& other times you looked hot…
Every Thursday a battle on social media ensues. On the surface it is an endearing competition among friends for who was the cutest child. However, on a deeper level it becomes a battle of your pasts. Who had the best experiences, the hottest friends or even the best bodies. This parading of one’s history, and often times… not so distant history, is all found under two common hashtags- #tbt and #throwbackthursday.
Don’t get me wrong, I love nothing more than a cute baby photo. An iconic American scene portrayed often in media is having your parents take out the old photo album and embarrass you in front of friends or a significant other. Meet the Parents, anyone?
So when did we decide that we should start sharing these photos of ourselves on a weekly basis? This digital trend is so popular that #tbt is the most used hashtag on Instagram. On Instagram there are currently 90,091,071 posts with the hashtag #tbt and 30 million using #ThrowBackThursday. The hashtag itself may be the most annoying part of the trend. So you want to share an old photo? Great. But why just on Thursday? Luckily for me, tweeters and ‘grammers have a solution to this as well… #FlashBackFriday.
However my rant aside and looking past the annoyance that is #tbt and #FlashBackFriday, these social media trends display the universal desire for people to be connected and united online, all following a common practice that harbors a sense of nostalgia.
In the video, An Anthropological Introduction to YouTube, Michael Wesch discusses YouTube as a space for people to come together in an interactive, participatory way. By posting videos to YouTube, people are able to respond and reply, forming an online community. A medium like Instagram has less of the affordances to interact, and through hashtags and trends such as Throwback Thursday, people are able to create that same sense of interactive consumption. Videos are fast ways to ignite emotions in the viewers, especially those of nostalgia. This same longing for another time is present every time #tbt is posted. It puts you in the precise moment of someone’s happiest memories, giving the viewer an intensely intimate look into the poster’s life. While I am intrigued by the authenticity that may have started this trend, it seems to have shifted into something much more materialistic and shallow than when it first became popular in 2012.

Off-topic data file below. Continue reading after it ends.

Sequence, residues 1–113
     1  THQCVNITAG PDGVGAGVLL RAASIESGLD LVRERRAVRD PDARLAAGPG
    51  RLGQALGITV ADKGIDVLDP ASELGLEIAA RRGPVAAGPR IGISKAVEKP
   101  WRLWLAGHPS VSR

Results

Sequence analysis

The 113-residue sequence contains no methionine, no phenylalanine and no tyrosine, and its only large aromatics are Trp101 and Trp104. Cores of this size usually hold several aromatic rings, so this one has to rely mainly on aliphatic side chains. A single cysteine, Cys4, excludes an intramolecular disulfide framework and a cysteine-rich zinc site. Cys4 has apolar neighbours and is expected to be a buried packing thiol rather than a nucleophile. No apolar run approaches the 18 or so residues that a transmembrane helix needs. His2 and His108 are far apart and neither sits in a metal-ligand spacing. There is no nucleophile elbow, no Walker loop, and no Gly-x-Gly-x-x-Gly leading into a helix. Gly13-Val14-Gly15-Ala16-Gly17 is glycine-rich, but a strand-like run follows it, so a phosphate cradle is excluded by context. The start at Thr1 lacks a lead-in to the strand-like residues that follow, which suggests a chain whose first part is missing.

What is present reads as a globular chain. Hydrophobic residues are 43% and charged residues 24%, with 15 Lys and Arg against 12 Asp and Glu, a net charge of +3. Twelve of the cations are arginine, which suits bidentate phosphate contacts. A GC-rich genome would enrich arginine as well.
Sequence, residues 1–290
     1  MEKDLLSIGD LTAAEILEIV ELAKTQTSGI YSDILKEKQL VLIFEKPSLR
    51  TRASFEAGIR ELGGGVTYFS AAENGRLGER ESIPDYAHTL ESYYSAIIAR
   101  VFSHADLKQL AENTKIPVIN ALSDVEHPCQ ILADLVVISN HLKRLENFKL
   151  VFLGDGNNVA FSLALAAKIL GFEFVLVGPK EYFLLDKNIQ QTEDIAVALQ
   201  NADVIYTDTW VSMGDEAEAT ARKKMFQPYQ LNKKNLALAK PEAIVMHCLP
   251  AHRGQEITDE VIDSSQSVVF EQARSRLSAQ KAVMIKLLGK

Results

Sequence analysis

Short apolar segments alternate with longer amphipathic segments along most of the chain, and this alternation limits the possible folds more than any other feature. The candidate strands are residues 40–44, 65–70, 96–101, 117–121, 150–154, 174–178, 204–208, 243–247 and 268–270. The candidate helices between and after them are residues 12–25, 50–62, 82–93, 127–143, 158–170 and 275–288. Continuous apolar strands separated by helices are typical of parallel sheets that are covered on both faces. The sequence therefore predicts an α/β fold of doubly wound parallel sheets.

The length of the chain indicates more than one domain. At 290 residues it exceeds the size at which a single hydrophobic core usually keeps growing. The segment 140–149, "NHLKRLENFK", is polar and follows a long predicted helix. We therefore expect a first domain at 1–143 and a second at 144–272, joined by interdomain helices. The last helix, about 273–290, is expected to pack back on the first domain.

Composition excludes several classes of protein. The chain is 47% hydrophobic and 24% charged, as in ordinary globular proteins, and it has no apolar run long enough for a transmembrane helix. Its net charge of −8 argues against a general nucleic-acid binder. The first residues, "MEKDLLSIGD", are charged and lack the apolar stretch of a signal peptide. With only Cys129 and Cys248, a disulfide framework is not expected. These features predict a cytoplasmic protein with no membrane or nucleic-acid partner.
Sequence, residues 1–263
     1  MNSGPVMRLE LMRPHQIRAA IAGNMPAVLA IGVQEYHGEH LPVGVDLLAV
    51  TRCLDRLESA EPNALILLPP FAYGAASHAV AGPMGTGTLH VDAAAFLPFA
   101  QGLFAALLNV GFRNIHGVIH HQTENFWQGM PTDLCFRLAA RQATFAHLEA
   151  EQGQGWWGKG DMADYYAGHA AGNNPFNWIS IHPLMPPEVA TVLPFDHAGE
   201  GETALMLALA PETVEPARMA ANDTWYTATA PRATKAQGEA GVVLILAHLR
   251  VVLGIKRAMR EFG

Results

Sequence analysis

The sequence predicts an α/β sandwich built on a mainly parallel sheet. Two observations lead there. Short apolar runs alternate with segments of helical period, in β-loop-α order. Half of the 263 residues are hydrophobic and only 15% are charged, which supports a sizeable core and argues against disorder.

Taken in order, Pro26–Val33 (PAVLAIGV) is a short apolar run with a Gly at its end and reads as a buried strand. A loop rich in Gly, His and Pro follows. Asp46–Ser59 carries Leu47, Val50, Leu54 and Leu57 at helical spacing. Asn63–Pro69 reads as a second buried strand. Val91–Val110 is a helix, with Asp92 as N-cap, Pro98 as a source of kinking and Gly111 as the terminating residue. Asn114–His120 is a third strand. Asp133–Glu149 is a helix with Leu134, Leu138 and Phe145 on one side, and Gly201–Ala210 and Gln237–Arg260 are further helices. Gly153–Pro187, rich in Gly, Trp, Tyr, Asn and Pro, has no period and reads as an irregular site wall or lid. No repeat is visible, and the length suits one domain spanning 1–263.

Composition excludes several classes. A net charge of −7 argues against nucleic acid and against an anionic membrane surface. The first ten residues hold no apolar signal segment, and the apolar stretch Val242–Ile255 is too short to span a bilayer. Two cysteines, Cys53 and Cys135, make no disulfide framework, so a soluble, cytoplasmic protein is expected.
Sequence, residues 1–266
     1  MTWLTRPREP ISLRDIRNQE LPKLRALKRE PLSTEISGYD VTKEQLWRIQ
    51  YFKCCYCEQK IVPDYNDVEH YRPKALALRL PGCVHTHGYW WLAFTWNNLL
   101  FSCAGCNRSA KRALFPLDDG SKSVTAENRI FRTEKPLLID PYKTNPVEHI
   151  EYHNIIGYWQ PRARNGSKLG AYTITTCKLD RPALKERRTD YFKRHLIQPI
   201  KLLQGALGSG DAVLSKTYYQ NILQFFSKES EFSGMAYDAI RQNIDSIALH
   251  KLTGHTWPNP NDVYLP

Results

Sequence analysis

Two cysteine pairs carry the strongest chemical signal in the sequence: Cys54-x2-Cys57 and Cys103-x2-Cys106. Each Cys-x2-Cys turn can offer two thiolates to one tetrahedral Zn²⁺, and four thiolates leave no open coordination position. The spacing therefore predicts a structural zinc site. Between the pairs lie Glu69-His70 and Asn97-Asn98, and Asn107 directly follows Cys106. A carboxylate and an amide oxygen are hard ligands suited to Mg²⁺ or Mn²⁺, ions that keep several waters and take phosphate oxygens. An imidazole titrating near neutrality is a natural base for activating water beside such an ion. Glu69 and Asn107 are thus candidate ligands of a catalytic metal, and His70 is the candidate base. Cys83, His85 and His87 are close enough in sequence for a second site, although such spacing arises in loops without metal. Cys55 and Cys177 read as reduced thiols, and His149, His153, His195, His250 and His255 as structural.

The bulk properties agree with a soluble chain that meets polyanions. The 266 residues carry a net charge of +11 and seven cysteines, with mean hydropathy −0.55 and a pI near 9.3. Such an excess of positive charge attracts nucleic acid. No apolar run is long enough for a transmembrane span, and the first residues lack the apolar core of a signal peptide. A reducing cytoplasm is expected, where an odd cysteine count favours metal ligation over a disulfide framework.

One of the reasons #throwbackthursday bothers me is because of what it is today- an excuse to post hot photos of yourself under the illusion that you are participating in a popular trend. What was once a look into a distant time of one’s life, is now a look into a very specific and very select moment… and let’s face it, nothing is being “thrown back” at all.
A common abuser of the loosely termed “throwbacks” is Kim Kardashian. Kim has 18 million followers on Twitter, and 9 million followers on Instagram, numbers that prove she may be perpetuating the popularity of my pet peeve all on her own. In one Thursday alone Kim posted 6 #tbt photos.
Looking more at the psychology of these posts, the content speaks volumes about what point she is trying to get across to her audience.
Kardashian during her pregnancy posted throwbacks every Thursday of her modeling before she got pregnant. Kim got a lot of negative attention for her weight during her pregnancy and she seemed to use Thursday’s as an opportunity to validate herself to the world. It is awful for a woman to be criticized about her body, especially while pregnant, so her insecurity is understandable.
What bothers me is that the need for online approval is problematic of a much larger issue. Social Media users commonly exploit #ThrowBackThursday as a way to get praise from their followers, especially during times of vulnerability.
A more universal example I’m sure many have seen is the throwback to summer. Aw yes…. summer… the magical days when you are in minimal clothing and at your tannest. The hashtag may look a little something like this- “#missingsummer, #tbt.” While I can relate with the sentiment of longing for the beach, there is something wrong about posting a photo of yourself in a bikini from a couple months ago with the hashtag, #tbt. This type of post is the most blatant exploitation of the hashtag.
Anyone, including me, would be lying if they said they didn’t enjoy getting that positive reinforcement from their followers after you share a great photo. Who knows, maybe most posts are for just that reason, an opportunity to get a little praise in your life. That constant need to present yourself and your identity as something to be desired is what bothers me about social media. It is this very reason that I deleted my Facebook. I didn’t enjoy feeling like I was branding myself everyday. My annoyance with #ThrowBackThursday is simply that it has turned into another excuse to flaunt yourself without shame.